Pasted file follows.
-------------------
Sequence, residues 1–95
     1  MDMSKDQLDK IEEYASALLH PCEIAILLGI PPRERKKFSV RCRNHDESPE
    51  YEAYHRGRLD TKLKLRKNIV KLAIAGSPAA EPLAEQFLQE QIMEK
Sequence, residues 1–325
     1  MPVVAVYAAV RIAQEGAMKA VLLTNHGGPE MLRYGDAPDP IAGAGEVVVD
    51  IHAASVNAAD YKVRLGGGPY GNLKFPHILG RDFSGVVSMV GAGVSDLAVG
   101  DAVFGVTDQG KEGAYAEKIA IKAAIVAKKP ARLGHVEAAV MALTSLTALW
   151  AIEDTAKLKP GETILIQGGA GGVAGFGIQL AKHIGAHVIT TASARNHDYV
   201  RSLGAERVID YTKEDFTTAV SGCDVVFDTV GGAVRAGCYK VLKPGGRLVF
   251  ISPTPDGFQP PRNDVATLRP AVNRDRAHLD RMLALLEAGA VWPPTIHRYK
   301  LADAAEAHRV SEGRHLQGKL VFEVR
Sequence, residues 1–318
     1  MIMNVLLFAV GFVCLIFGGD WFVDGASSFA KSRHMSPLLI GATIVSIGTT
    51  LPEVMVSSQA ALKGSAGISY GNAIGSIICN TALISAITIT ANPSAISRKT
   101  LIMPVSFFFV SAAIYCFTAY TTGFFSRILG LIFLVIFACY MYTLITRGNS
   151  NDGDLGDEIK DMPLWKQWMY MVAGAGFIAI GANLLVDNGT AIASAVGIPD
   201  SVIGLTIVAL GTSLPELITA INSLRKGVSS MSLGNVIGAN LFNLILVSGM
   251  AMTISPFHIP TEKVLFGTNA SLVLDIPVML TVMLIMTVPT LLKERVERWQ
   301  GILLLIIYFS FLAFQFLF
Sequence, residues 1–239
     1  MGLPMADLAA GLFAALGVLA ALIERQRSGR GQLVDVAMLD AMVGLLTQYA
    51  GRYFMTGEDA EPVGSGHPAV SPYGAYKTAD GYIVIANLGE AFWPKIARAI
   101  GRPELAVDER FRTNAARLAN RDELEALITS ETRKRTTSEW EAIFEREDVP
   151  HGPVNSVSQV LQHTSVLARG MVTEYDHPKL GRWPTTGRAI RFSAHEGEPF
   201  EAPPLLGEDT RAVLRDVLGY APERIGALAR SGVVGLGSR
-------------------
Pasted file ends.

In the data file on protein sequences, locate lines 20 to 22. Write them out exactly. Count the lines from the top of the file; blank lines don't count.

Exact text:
Sequence, residues 1–239
     1  MGLPMADLAA GLFAALGVLA ALIERQRSGR GQLVDVAMLD AMVGLLTQYA
    51  GRYFMTGEDA EPVGSGHPAV SPYGAYKTAD GYIVIANLGE AFWPKIARAI